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Lock Number 696

From Chubb Lock Register No.1

“3 inch Flush Desk  –  Brotherton – April 21 1820 / May 2 1820”

The story began on July 3rd 2009 with an email enquiry from Michael Pierpoint, a resident of Albuquerque, New Mexico, USA. He gave details of  a ‘Chubb Desk’, passed down to him by his grandfather. The lid was inlaid with a decorative plate engraved  ‘C. Chubb Jun’r  1847’ and inside was a sheathed dagger, inscribed ‘Charles Chubbe – Born 11 Jan’y 1812’. The desk was fitted with a working lock and key - the lock also marked ‘Chubb’. Having no descendants, Michael said he was trying to decide what to do with the desk. He’d considered donating it to a Museum and had looked at the details of The Locksmiths House in Willenhall but as that seemed likely to close down, he wondered if I could provide some advice.

I sent him an immediate reply, requesting photographs and asked him to delay any decision regarding disposal as I felt the English descendants of Charles Chubb might be interested. Michael replied saying he’d send pictures in a week or two. Meanwhile, I made contact with Bill Chubb who was very intrigued to hear about this item of family history.

Towards the end of July 2009, I received pictures of the desk, dagger and key. The number stamped on the bit and the design of the key (very similar to one shown in the drawing attached to the 1818 Patent), raised my pulse rate!

I asked Michael to send pictures of the lock, pointing out the figures on the key might well be the lock serial number and if so,  the lock would date to about April 1820. I was also keen to see if the mechanism bore any resemblance to the 1818 Patent. There was a slight delay before I received the picture (shown at the top of this article) that confirmed my assumption about the number on the key bit. I then had to wait a few more days while he tracked down the nearest ‘Locksmith’ because “I have no experience in dismantling/re-assembling locks”.

The picture of the lock mechanism arrived a few days later and showed considerable development had been made on the design, drawn and described in Chubb’s first patent. The levers are no longer ‘open gated’ and a comb spring has been introduced. The Detector is ‘L’ shaped and located on the right hand side. It is obvious that the Detector Spring is broken as the bevelled end that interacts with the Detector can be seen lying at the bottom of the lock case. Both lock bolt supports showed signs of damage (the one on the RH side more than the other) but without being able to examine the lock at first hand it was impossible to know if other damage had occurred.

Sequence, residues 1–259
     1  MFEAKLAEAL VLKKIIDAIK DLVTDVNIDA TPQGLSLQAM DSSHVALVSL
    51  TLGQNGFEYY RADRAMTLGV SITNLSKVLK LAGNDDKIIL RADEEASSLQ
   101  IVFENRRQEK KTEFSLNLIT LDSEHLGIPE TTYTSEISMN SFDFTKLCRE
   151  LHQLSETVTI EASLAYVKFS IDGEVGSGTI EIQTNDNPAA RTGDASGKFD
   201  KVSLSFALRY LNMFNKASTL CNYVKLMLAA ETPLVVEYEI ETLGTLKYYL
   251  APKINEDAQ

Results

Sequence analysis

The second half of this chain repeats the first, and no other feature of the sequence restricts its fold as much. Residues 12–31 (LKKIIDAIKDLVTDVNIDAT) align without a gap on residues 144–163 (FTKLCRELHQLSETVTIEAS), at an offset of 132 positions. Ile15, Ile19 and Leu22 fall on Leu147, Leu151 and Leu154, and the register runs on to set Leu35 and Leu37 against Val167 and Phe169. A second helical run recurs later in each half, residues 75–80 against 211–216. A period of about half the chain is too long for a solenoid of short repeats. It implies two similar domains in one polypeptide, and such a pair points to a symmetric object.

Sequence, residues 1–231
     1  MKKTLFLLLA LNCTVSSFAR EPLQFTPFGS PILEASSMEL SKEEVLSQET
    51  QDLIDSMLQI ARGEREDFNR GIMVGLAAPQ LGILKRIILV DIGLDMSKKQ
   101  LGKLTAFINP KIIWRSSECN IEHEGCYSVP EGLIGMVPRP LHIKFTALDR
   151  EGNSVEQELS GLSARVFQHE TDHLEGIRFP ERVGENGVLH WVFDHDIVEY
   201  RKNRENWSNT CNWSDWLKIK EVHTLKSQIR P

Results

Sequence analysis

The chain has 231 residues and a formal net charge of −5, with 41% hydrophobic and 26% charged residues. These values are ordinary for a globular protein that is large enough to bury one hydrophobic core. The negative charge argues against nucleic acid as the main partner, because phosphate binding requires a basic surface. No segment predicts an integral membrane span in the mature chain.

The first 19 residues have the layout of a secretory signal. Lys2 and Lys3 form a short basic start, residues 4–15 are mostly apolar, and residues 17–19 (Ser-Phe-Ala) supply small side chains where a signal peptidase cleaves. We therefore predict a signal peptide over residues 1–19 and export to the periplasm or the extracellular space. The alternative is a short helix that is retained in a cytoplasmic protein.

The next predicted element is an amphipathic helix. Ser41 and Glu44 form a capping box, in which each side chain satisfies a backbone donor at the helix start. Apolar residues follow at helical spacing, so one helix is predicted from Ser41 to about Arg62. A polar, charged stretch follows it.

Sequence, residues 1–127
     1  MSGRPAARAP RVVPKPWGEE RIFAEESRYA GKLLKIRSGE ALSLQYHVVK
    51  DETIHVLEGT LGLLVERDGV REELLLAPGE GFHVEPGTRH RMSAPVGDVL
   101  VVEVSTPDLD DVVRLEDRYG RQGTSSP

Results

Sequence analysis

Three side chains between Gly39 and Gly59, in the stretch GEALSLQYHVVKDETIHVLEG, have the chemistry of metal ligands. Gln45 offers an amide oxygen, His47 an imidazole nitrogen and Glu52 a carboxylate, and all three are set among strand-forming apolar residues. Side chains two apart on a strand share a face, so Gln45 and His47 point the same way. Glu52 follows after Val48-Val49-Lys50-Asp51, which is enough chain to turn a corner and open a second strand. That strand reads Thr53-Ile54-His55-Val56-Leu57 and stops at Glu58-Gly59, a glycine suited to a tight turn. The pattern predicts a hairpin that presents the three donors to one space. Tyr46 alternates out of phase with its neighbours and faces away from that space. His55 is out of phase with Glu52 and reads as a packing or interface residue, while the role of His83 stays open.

During August 2009, Bill Chubb asked for Michael’s contact details as he wanted to make an offer for the Slope and Dagger. Meanwhile, a good friend offered to check the official Lock Register whilst she was in London on business. The actual entry in the Register forms the title at the top of this page and the dates signify Mr. Brotherton commenced the work on Friday 21st April and completed the job on Tuesday 2nd May.

A few months later Bill Chubb told me Michael had accepted the offer and was making arrangements to ship the items to England. Delivery took rather longer than anticipated but they eventually arrived at Bill’s home in Hampshire during February this year (2010). In view of the Slope’s ‘well worn’ condition he decided to arrange it’s renovation and once that was completed, would see about getting the lock repaired. I suggested one of Chubb’s retired Locksmiths, Eddie Bonner, was more than qualified to do this as I knew he specialised in the repair of antique locks. Bill phoned me in May and I set up a meeting with Eddie at his Wolverhampton workshop. So, eleven months after seeing the photographs, this unique lock and key were within touching distance!

With the lock in front of us, we were relieved to find that except for the damage mentioned above, the mechanism was in it’s original state. Part of the circular steel ward around the drill pin showed some thinning but didn’t prevent the key operating the mechanism. After some discussion it was agreed Eddie would fabricate a new detector spring and carry out a general clean up i.e. minimum restoration. He would also make a Regulating Key plus another to activate the Detector.

Top - Original Key. Middle - Regulating Key. Bottom - Key to activate Detector.

This picture shows a close-up view of the lever mechanism with the Detector set and the separate bolt studs clearly visible. The lower one is attached to the brass regulating bolt. To re-set the detector, the Regulating Key is turned anti-clockwise, lifting the levers to align the narrow slot on each lever with the stud on the regulating bolt and allow it to move left, thereby cancelling the Detector.

Repaired Lock with main bolt in the ‘locked’ position

The renovated lock (and keys) were returned to Bill Chubb on the 1st of July 2010.

As yet, there is no definite explanation for the 27 years difference between the year the lock was made and the date engraved on the decorative plate!

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